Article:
Here is the Van Gogh version. This is actually his copy of a Millet painting. He was into Millet a lot, doing many different versions of "the Sower".

Here is mine. Yeah I know. The blue is really weird looking. I might have run out of a normal color of blue and only had that one laying around.

This is a portrait I did in prismacolor pencil. Prismacolors are like a thicker more expensive colored pencil. The point is sort of like a crayon.

Everybody always seems to guess who this is, even though now she's not in the limelight much anymore. This is done in more of a Pointillism style instead of a post-impressionist or expressionist style. Suerat was a big pointillism guy.

Towards the end of his life he painted a lot of wider, horizontal paintings. Most of them are serene pastoral settings and themes.

Like this painting titled: Wheat Field under Clouded Sky. Doesn't seem really cloudy or sad to me. The flat, soft brushstrokes and muted colors don't really interest me much. And really doesn't seem so cloudy either. A few of his other paintings at that time could be connected to getting into the mindset of the artist. But for me the most telling of all his paintings and my personal favorite is one that he painted in the last month of his life.

It is usually titled "Crows in the Wheat field" or "Wheat field with Crows".

Some people believe he actually shot himself in those same fields before walking back to his room at the boarding house. Nobody knows for sure where exactly he shot himself, but he was attended to by one of his friends and occasional model Dr. Gachet.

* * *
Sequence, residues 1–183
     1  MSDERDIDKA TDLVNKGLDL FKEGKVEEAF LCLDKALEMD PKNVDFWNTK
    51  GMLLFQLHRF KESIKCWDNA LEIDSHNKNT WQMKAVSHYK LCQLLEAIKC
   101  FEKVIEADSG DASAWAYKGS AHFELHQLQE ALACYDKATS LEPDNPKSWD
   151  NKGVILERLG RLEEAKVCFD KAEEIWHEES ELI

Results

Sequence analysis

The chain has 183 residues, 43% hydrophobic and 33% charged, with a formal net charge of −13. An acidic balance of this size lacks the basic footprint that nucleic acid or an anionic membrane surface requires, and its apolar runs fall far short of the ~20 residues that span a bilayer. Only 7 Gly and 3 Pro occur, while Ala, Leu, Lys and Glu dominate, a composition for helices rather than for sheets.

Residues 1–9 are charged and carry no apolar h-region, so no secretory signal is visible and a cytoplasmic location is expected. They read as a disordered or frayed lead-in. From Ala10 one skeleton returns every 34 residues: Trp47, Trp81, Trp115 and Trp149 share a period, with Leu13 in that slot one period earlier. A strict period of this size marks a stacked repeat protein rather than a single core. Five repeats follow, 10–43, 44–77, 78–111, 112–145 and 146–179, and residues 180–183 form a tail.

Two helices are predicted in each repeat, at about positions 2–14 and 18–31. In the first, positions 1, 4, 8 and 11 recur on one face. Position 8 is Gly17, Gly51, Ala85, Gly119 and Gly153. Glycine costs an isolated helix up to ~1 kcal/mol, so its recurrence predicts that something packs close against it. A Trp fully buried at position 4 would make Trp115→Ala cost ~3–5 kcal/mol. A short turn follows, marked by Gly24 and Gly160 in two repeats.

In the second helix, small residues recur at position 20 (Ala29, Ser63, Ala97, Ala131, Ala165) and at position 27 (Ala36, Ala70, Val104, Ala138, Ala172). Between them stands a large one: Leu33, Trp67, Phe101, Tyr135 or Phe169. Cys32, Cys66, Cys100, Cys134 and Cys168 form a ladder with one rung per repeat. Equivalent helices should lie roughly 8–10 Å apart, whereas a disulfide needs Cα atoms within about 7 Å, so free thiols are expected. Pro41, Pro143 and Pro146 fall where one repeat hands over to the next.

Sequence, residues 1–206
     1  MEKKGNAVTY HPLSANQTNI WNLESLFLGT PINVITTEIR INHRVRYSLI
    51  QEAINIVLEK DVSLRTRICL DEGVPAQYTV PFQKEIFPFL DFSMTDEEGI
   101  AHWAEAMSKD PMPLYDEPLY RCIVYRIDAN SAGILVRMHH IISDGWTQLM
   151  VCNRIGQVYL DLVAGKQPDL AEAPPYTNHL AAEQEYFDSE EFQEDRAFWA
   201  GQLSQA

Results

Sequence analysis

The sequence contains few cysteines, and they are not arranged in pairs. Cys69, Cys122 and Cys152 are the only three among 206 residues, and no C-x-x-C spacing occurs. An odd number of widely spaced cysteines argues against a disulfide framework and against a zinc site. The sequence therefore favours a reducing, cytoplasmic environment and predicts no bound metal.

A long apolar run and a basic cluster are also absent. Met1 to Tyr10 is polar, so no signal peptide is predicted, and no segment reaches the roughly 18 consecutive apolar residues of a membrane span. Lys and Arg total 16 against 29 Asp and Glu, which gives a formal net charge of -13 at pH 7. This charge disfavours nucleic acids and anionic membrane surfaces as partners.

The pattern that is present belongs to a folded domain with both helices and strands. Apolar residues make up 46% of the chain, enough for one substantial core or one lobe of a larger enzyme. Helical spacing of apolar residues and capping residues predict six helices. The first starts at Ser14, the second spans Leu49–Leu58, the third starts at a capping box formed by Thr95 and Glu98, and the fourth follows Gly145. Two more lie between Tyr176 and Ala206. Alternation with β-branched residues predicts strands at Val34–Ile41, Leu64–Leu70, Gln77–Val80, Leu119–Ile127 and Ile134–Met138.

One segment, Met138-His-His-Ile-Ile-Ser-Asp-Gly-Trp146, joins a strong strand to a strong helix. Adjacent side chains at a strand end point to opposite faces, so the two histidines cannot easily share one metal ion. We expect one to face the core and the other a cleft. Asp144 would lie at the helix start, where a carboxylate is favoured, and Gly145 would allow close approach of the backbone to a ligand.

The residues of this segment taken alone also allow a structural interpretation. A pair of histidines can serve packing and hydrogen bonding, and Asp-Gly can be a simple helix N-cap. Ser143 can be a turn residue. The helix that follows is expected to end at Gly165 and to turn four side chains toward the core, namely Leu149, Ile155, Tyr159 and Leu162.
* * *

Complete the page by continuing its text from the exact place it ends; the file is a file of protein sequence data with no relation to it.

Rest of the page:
The hurried, chaotic brushstokes and the wild colors seem to support the arguement that the painting shows the mindset of a suicidal artist. Look at the bright yellow wheat contrasted against the dark blue sky with the black crows flying towards the viewer. In the first painting you can see that the paint is evenly applied to the canvas whereas in "Crows in the Wheat Field" you can actually see the gobs of paint that he glopped on the canvas. When I see this painting I think of a mad artist splashing paint onto a large canvas in a fit. In actuality it might not have been that way. I'm not sure what his actual painting habits were. Maybe I need to do some research on that.

In another letter to Theo. (He wrote lots of letters to Theo and Gaugin among others) he mentions that the crows are like birds in a cage that have everything they need to support themselves, but are still yearning to be set free to fly with the other birds.

According to friends and family in his final three days between shooting himself and finally succumbing he looked at piece with himself and his life. Hopefully he found the peace he was looking for.

Thanks for indulging me on this little foray into one of my favorite painters. I wish I had more patience and time to go into more detail. Maybe some other time.


Collective Troll said...

Wow, awesome post! Great history lesson, I appreciate it!

Jeremy said...

Thanks Marck. I'm glad you liked it. It was fun looking through all those painting books.